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Sewing Lesson 

Book Review: The Blind Stitch by Greg Delanty

Published November 13, 2002 at 4:39 p.m.

An unlikely figure presides over Greg Delanty's fifth collection of poems. A St. Michael's College professor with an impressive string of poetry awards to his credit, Delanty grew up in Cork, Ireland, where he first heard the tale that forms the nucleus of this volume's opener, "The Scalding."

One day in the late 19th century, Father Damien, a missionary to the lepers on the Hawaiian island of Molokai, scalded himself with a pot of boiling water. Feeling no pain and recognizing this as an early sign of the onset of leprosy, he hastened to address "his flock the next morning, almost joyously, with 'We lepers.'" Nearly a century later, in a schoolroom in Cork, Ireland, a young boy listens raptly as a priest turns this story into a parable of the burden of sin and "the bacilli of complicity" we all carry. No matter how pure or fortunate we imagine ourselves, the priest insists, "[r]eally we're all lepers."

The story continues in the poem "Little India," where the adult narrator comes face to face with the difficulty of embracing a leper as one's brother. Standing in an Indian train station confronting a "begging leprous child with stumped hands," he "muses how you can't even raise/a few rupees sewing for chainstores on our side of the globe" and, at a loss for a more meaningful response, he tosses the child a coin.

The poems in The Blind Stitch abound with these ironies -- as when we learn that a street in Cork called Lovers' Walk is in reality Lepers' Walk, mistranslated from Gaelic. But if the leper represents our numbness, the fears that keep us locked in our small worlds, Delanty focuses his attention on the counterforces that, like Father Damien, unite us.

The second motif that runs through the book is that of the "blind stitch" itself, the strong but invisible thread that links Third World to First, beggar to poet: "every-blessed-thing is somehow threaded together in a homespun stitch." In these poems, the humble domestic art of sewing, passed from mothers to daughters and sons, becomes a metaphor for poetry as well as for the human connections both arts strive to maintain.

Poets writing about poetry is a common practice today, and this literary self-consciousness can make modern verse feel academic and inbred to the casual reader. Delanty shows that he can stitch a tapestry of words with the best of them. These poems can be challengingly complex in their syntax and vocabulary -- particularly when they launch into Gaelic or Cork slang. (A note on the copyright page translates some of these stumbling-block phrases, but not enough.)

Yet much of what Delanty has to say about his craft is both simple and resonant, as when he asks in "The Malayalam Box," "...Why is it people on boats wave/when minutes later, if they passed on the street, they'd not/give each other the time of day?.../...Is that all a poem is, a wave from a boat?"

The wave, like the stitch, unites. While the poems range widely in their settings, from Cork to Brooklyn to Burlington to India, they don't lose the threads of connection. Following a Hindu funeral procession through the streets, the narrator relives his family's rituals of mourning. Gazing at the polluted East River, he thinks nostalgically of Cork's "beloved river the colour of slime."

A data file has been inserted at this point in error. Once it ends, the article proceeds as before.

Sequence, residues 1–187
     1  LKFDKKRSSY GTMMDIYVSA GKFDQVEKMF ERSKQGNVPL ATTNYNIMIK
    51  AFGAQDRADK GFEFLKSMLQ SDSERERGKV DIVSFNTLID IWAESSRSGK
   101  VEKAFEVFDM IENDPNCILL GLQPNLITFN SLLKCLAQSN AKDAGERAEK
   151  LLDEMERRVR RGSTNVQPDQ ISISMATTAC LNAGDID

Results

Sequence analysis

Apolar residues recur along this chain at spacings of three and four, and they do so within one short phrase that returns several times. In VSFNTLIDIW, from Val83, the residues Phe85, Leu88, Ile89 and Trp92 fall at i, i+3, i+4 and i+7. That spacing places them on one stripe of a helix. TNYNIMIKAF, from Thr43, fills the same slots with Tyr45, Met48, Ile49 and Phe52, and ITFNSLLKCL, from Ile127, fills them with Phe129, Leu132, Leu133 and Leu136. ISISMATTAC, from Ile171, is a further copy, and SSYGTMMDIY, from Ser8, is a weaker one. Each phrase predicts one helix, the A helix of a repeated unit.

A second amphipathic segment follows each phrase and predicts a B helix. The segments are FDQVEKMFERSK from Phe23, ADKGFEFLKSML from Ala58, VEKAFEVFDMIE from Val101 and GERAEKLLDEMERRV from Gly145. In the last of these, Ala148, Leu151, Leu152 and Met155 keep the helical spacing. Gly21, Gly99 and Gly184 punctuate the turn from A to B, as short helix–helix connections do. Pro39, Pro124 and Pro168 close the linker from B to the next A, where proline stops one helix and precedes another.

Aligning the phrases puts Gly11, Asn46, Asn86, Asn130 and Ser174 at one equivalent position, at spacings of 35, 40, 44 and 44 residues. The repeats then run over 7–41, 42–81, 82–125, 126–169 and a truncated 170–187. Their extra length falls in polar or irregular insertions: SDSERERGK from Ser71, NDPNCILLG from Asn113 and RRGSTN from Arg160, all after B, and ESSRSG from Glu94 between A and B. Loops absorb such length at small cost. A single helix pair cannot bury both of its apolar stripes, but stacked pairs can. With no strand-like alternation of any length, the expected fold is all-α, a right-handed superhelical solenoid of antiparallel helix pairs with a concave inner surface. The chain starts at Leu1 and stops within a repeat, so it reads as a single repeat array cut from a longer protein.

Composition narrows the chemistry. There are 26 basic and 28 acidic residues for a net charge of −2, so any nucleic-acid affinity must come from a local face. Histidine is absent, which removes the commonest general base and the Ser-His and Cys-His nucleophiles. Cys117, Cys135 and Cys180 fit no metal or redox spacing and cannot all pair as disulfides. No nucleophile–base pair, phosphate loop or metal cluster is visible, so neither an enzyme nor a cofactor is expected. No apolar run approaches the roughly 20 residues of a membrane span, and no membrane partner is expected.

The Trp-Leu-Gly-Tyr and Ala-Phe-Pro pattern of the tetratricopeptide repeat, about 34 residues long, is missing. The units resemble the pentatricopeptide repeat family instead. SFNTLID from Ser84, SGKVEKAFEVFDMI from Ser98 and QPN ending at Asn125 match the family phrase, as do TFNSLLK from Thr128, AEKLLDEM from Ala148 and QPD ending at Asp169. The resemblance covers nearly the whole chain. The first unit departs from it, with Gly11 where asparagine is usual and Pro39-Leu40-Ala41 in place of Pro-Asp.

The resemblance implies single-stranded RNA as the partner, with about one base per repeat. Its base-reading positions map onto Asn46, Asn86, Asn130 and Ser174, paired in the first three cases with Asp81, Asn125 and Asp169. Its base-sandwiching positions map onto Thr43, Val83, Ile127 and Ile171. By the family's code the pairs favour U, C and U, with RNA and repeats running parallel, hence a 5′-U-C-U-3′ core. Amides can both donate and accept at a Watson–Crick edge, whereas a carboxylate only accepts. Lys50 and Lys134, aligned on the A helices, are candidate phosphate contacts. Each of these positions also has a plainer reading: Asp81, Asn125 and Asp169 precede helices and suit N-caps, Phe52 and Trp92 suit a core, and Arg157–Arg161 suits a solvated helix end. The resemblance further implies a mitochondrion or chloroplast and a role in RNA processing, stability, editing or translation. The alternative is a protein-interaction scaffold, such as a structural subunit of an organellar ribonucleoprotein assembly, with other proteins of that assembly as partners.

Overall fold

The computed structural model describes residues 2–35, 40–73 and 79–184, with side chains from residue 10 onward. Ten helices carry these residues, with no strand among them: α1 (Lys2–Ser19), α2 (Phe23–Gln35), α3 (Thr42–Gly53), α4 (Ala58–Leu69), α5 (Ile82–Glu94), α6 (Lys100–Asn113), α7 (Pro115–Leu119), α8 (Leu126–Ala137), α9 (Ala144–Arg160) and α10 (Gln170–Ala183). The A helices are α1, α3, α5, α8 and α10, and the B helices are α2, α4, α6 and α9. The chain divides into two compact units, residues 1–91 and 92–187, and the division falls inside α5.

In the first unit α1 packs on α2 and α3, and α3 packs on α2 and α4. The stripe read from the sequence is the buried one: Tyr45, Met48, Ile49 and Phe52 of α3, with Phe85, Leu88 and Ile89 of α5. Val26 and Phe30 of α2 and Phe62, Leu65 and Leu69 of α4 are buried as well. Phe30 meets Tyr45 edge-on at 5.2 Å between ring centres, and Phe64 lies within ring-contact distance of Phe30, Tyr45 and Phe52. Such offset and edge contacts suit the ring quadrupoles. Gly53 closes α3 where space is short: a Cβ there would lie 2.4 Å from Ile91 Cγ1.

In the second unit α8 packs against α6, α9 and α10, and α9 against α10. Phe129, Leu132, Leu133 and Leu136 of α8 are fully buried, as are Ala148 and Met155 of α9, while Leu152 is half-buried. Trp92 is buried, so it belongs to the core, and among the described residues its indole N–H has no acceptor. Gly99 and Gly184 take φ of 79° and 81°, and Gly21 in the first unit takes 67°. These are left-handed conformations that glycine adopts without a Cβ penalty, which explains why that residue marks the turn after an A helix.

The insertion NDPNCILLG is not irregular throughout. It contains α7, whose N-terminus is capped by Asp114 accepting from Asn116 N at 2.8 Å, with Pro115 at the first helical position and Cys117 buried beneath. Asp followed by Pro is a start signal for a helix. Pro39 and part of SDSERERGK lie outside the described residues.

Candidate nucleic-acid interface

Delanty reaches out to the reader, too, in a personable voice that's as likely to sound like a yarn-spinner on a barstool as a poet in the tradition of Yeats. But perhaps the two aren't so distant, since poetry has always been enriched by the energies of "ordinary" language. We're reminded of this in poems like "The Husband's Aubade," where musty poetic tradition -- an "aubade" laments the coming of dawn -- meets modern marital sitcom. The husband begs his early-bird wife not to "ride roughshod round our home/ [...]/with your get-up-and-go bathroom horseplay,/your soprano accompaniment to every chore./Call the marriage union. I can't take no more."

But the lepers keep coming back -- emblems of human misery and strife that remind us what, in the end, words are for. In "The Emerald Isle, Sri Lanka," the poet visits a temple guarded by "machine-gun police" who point out a monitor lizard basking in the sun and tell him that "magic/words flow from the mouth of/whoever touches the lizard's tongue." At once he finds himself wishing for this "gift of words," not "for myself,/but that the Tamils and/Sinhalese would risk talk, dumb and green as it sounds" -- talk that might bring peace to a nation torn apart by war and genocide.

"Dumb and green as it sounds," these poems offer hope that words can stitch us together, blind as we may be to the fact that "we are all lepers.

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About The Author

Margot Harrison

Margot Harrison

Margot Harrison is the Associate Editor at Seven Days; she coordinates literary and film coverage. In 2005, she won the John D. Donoghue award for arts criticism from the Vermont Press Association.


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